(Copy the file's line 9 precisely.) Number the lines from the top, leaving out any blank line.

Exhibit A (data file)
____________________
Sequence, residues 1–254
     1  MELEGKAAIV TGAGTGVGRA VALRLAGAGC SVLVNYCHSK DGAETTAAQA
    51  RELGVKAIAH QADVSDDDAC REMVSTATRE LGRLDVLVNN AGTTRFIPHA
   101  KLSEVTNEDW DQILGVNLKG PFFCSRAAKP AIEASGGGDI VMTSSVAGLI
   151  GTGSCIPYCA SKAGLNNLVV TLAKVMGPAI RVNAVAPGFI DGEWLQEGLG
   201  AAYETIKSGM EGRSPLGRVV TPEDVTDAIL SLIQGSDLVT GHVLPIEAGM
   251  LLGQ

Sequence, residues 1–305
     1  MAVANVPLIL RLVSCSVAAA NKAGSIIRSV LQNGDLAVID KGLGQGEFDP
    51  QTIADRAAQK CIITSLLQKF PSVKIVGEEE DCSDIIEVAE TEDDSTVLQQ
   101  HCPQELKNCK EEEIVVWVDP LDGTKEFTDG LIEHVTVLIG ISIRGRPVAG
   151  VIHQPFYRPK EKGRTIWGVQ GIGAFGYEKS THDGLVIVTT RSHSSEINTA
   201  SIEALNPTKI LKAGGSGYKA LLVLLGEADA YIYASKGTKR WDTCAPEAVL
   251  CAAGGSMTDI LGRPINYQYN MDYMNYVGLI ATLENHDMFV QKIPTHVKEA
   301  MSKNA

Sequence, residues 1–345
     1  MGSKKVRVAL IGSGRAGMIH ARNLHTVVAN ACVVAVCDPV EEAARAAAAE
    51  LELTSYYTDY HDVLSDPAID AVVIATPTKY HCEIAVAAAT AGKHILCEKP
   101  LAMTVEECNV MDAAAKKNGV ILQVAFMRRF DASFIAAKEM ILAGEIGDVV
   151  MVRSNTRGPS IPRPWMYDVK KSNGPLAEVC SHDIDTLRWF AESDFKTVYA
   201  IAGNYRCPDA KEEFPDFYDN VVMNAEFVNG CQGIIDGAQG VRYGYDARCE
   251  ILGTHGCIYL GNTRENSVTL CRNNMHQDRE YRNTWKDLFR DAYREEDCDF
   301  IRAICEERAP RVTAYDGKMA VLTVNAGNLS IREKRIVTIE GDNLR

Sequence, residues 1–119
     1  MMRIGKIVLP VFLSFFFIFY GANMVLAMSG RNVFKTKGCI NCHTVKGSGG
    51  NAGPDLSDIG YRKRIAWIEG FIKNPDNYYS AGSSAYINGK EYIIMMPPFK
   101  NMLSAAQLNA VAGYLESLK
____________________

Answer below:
     1  MAVANVPLIL RLVSCSVAAA NKAGSIIRSV LQNGDLAVID KGLGQGEFDP